Sunday, 9 May 2010

What now for the public sector?

As the dust settles on the General Election, the "horse-trading" begins. Are the politicians, who are seeking to negotiate coalition governments, talking about improving public services, creating real jobs and protecting pensions? Or are they talking about what cuts are coming and their own political careers? I think most people know the answer to those questions.

There is no doubt that the bankers are demanding that the public services are cut. They will also be looking to raid public sector pension schemes and public sector terms and conditions. We have seen in Greece what the bankers want. Next will be Spain and Portugal. These people are ruthless. They care not for public services - they don't use them! They hypocritically criticise public sector workers for striking and shutting services for a day, whilst they (the bankers) demand that the very same services are closed permanently because we "can't afford them".

Has anyone noticed the newly, part-nationalised banks acting with a social conscience? The Royal Bank of Scotland is 84% publicly-owned and yet paid 100 of its investment bankers a bonus of £1,000,000 each and 16,800 of its investment bankers got an annual bonus of £77,000 each.

Don't expect fairness from these people. They think only of their own pockets. Or, as in the words of the leading Goldman Sachs banker of the 1950's and 1960's, Syd Weinberg, the policy of the bank is "long-term greedy".

Unison and other public sector unions can only do one thing - get organised. Get organised in the workplace and in politics. It is only through organisation that we will succeed. It is an old adage but it is true. Unity really is strength. The bankers, employers and many politicians hate the trade unions because they fear the unions being organised. Their friends in the press try to "soften up" public opinion by publicly attacking the working condition of working people - whether it is cabin staff at British Airways, public sector pensions, etc. We saw in the general election where the sympathy of the majority of the press lay. The same people who own the banks, own the press.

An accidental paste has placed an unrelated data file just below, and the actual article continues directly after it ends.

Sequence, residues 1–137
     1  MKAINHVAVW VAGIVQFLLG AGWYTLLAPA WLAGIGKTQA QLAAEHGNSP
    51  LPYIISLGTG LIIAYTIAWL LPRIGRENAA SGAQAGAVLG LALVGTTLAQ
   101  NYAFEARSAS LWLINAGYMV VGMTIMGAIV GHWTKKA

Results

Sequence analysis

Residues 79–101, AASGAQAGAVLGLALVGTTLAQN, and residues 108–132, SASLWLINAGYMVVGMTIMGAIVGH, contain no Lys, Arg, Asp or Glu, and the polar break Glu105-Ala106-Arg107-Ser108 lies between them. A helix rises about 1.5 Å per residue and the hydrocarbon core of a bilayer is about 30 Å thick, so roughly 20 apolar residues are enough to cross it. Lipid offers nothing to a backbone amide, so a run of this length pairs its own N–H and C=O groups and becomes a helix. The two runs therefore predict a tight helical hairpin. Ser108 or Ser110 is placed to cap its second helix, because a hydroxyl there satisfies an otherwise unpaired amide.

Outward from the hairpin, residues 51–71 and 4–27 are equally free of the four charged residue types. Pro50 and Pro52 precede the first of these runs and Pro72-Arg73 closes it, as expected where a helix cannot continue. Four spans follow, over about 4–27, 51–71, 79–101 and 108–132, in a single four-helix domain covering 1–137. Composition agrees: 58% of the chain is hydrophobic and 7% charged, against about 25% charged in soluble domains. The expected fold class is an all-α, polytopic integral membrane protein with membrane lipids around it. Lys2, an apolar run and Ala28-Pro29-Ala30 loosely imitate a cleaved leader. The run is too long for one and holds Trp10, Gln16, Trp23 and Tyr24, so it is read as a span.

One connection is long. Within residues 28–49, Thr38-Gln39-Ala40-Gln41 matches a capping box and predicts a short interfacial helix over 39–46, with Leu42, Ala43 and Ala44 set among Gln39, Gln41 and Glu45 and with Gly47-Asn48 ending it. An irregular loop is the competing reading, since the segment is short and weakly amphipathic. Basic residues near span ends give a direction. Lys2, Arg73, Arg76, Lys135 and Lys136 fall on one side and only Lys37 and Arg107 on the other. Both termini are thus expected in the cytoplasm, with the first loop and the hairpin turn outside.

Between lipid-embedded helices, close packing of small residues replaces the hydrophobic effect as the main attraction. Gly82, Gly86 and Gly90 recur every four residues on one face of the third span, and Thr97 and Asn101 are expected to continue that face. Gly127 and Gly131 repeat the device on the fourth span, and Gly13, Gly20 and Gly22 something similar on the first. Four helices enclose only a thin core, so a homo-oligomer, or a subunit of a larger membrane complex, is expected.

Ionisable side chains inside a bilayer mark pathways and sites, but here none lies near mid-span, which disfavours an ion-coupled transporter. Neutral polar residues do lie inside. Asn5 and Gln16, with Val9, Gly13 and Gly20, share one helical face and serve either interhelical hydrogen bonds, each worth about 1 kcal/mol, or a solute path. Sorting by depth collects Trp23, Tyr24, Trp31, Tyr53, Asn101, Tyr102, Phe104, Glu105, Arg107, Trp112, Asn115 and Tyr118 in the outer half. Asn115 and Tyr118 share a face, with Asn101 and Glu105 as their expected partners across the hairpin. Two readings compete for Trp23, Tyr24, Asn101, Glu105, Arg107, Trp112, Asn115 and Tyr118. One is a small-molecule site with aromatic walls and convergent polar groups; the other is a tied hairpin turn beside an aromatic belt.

So, as politicians return to their "smoke-filled" rooms to discuss in secret what we have supposedly voted for, I have a clear message for our members. I know people don't want to look forward because of what is coming, but we have to. We have been here before. We don't want to return to the pre-Second World War conditions that our forefathers and foremothers lived in. We demand the right to live in dignity, with decent education, working conditions and retirement conditions. We don't want those who have these conditions (i.e. bankers, employers etc) telling us that we can't have them. So we need to organise. We have no option. An individual can do little on their own. All workers instinctively understand this. Let's get organised across the public sector by co-ordinating all public sector trade unions.

It is indeed ironic that politicians, having spent weeks trying to get us to vote for them , are now busy discussing how best to cut our living conditions!

If cuts have to be made - make them in not replacing Trident, PFI schemes, politicians' expenses, etc. We, the trade union members of Britain, don't want our living standards and public services cutting. We intend to organise to make sure they aren't.

Paul Holmes
Unison General Secretary election.

Future meeting I am speaking at:-

1. Thursday 13th May 2010 - 7:00pm - ULU, Room 3A, London - Rally
2. Saturday 15th May 2010 - 12:30pm - ULU, London - Unison United Left AGM - Speech
3. Thursday 20th May 2010 - half an hour after the end of the South East Regional Council meeting - ULU, London - Rally
4. Monday 17th May 2010 - Wigan, North West (venue and time to be confirmed) - Hustings

(ULU = University of London Union)

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